Ballast water operations 2.15.1 General Ballast Water Management has become a matter of international concern.

Ballast water operations

Mariner

Ballast water operations


2.15.1 General

Ballast Water Management has become a matter of international concern. The Master is advised to obtain detailed information for all countries of call or passage to ensure compliance with national legislation and international recommendations such as the IMO Resolution on Guidelines for the control and management of ship’s ballast water to minimize the transfer of harmful aquatic organisms and pathogens (A20/Res.868). Non-compliance with national legislation may result in large fines being imposed on the Master and the vessel’s officers and delay to the vessel with costs being incurred and possible claims made by the charterers.

2.15.2 Automated cargo, ballast monitoring and control systems

For further details please refer to Gard Loss Prevention Circular 11-02: Automated Cargo, Ballast Monitoring and Control Systems.

Computerisation of vessel bridges and engine rooms is becoming more commonplace. Improper operation of advanced technology cargo and ballast monitoring and control systems can

  • lead to unintended listing
  • excessive stresses on the structure• loss of positive stability, which may result in • structural damage
  • pollution
  • damage to property on board and ashore.
  • detailed instructions, preferably in writing, should be given before commencing any such operations
  • proper and effective communication between the deck and engine room personnel is required.

Ballast water operations require careful planning and co-operation between deck and engine room personnel

Lack of regular inspections and breach of recommended testing and maintenance procedures can cause damage to cargo, ballast monitoring and control systems.

Section 7 of the International Safety Management (ISM) Code requires the Company to identify key shipboard operations that may have an impact on safety and pollution prevention. Procedures covering these operations must be documented and effectively implemented. These procedures include defining and assigning tasks to qualified personnel.

Sufficient training needs to be provided, for personnel responsible for the safe onboard operation, inspection and maintenance of such systems. The training and familiarisation requirements for joining personnel in respect of their responsibilities must be identified and fulfilled as required by the ISM Code and Code and Convention on Standards of Training, Certification and Watchkeeping (STCW 95). The operation and inspection of equipment undertaken by inexperienced and/or personnel recently having joined the vessel should be directly supervised by responsible personnel until such time that the person concerned is sufficiently familiar with the operation and/or inspection of the system.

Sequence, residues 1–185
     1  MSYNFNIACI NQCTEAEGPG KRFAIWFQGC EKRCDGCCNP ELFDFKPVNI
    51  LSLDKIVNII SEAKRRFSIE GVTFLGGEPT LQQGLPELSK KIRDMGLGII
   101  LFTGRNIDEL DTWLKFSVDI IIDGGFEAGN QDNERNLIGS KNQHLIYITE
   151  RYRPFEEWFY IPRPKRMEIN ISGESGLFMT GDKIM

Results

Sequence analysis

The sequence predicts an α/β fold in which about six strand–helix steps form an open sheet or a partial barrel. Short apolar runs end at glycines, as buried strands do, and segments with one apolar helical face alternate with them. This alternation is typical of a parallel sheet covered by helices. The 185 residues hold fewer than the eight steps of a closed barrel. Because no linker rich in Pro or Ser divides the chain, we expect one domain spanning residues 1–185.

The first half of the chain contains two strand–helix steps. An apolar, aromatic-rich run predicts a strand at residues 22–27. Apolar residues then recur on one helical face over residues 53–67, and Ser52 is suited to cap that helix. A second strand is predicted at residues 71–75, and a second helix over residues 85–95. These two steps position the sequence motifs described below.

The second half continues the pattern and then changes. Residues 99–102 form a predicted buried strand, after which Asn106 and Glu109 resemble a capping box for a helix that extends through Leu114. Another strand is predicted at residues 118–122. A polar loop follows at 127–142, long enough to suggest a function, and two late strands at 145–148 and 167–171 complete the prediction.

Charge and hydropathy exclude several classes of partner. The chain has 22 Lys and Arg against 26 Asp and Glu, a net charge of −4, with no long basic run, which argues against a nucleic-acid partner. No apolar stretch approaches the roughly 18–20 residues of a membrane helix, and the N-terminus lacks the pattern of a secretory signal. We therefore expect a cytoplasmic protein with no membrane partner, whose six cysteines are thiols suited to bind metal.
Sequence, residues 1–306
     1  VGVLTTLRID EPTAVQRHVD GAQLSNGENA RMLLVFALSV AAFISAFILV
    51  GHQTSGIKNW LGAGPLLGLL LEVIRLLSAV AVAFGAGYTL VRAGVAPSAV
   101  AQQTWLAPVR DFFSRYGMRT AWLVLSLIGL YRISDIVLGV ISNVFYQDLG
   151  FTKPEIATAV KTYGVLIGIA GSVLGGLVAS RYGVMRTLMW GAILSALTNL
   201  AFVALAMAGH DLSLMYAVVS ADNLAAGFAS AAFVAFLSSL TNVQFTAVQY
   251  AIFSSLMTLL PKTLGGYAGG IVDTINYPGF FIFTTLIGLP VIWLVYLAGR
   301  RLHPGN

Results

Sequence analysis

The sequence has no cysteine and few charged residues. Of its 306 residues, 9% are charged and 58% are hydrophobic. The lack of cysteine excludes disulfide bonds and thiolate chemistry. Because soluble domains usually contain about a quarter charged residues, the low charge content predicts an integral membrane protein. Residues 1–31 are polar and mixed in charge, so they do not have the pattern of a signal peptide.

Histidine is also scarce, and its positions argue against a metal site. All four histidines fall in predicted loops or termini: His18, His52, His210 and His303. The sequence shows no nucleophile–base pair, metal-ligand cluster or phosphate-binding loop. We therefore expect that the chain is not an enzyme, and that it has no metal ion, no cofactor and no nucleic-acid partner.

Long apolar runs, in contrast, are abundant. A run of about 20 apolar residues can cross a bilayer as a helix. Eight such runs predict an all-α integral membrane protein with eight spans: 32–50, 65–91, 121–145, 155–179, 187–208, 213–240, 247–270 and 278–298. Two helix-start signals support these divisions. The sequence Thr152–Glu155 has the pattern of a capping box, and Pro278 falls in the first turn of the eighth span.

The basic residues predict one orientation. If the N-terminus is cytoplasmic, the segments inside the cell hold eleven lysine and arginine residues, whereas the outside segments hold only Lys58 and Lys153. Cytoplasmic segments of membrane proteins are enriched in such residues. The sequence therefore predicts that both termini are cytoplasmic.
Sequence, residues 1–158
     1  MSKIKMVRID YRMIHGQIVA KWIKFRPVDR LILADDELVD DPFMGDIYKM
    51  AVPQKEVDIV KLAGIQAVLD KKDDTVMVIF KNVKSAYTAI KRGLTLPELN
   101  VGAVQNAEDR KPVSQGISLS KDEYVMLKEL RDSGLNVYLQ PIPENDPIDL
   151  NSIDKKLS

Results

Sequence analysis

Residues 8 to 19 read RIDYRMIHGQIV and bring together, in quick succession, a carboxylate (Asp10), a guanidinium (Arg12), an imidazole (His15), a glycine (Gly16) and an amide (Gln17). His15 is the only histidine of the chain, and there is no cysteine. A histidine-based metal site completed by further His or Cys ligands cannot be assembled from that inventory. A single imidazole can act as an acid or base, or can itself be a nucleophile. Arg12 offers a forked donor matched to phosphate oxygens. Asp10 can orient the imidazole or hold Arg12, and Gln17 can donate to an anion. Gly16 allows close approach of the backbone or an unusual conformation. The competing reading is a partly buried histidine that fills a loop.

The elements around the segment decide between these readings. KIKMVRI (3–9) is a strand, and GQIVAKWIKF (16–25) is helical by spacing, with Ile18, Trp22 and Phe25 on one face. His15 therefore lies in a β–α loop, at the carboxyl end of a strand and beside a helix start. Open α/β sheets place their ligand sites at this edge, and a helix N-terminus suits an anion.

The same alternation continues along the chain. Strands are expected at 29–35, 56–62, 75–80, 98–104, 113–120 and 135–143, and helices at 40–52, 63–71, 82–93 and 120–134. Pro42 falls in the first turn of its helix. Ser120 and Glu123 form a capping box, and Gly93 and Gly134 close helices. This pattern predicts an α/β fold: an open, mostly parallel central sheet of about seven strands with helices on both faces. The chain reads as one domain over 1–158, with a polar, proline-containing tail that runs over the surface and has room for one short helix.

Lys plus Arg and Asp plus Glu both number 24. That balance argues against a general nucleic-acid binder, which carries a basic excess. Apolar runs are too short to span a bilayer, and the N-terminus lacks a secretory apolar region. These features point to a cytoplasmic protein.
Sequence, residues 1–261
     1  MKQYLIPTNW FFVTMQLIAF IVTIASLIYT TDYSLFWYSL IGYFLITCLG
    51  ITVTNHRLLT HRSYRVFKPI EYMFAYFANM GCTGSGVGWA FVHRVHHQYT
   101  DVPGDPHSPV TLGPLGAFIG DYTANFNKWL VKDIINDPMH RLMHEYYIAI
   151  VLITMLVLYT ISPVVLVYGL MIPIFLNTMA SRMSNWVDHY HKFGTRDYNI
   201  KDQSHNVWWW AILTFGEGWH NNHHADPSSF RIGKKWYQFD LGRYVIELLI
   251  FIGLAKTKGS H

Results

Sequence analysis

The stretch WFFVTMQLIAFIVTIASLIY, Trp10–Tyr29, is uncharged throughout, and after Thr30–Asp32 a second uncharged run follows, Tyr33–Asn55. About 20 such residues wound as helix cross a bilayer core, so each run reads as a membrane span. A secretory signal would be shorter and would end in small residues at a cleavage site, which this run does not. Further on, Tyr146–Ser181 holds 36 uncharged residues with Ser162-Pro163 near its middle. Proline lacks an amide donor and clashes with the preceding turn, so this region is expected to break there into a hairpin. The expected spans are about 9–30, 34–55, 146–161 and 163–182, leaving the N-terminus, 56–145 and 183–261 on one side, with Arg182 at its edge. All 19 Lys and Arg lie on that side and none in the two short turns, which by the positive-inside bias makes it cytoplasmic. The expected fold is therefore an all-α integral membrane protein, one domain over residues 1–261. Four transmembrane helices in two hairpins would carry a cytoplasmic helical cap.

The Master should ensure that the personnel involved in the operation, inspection, repair or maintenance of such systems have a good understanding of any limitations of the system and are aware of the “distraction” factor with special emphasis on the false sense of security that such technologically advanced equipment may provide.

If, for example, the vessel’s actual draft readings differ from those indicated by the automated cargo and control system, the Master and personnel involved should immediately verify the cause of the difference and take corrective action. The measures taken need to be recorded in detail in the appropriate log.

2.15.3 Ballast water exchange at sea

Ballast water exchanges at sea may be necessary to prevent the introduction into the sea of unwanted aquatic organisms from the vessel’s ballast water and sediment discharges. Although there are no international regulations yet in force, many national regulations require

  • ballast water exchange prior to arrival
  • documented ballast water control procedures
  • production of a ballast water exchange report upon arrival.
  • cause critical situations, e.g. vessel’s stability • require procedures to be prepared by the Company.
  • prevention of over and under pressurisation of ballast tanks
  • free surface effects on stability
  • weather conditions
  • maintenance of adequate intact stability
  • permissible seagoing strength limits of shear forces, bending moments and torsional forces
  • maximum permitted draughts.

Failure to comply with the above regulations may result in large fines.

For further information on the prevention of the introduction of Aquatic Nuisance Species (ANS) please see section 2.16.3.3.F Pollution by ballast water.

Ballast water exchange at sea may

The Master is advised to strictly adhere to the procedures and safety precautions provided in the SMS.

Safety issues involved in such operations include

Any ballast water exchange must be carefully and constantly monitored and controlled, and contingency procedures should be in place to deal with any emergencies which may arise.

2.15.4 Ballast water exchange in freezing conditions

Ballast water exchange at sea in freezing weather conditions should be avoided as discharge arrangements, air pipes and ballast system valves may freeze and impair the entire operation and thus the safety of the vessel.

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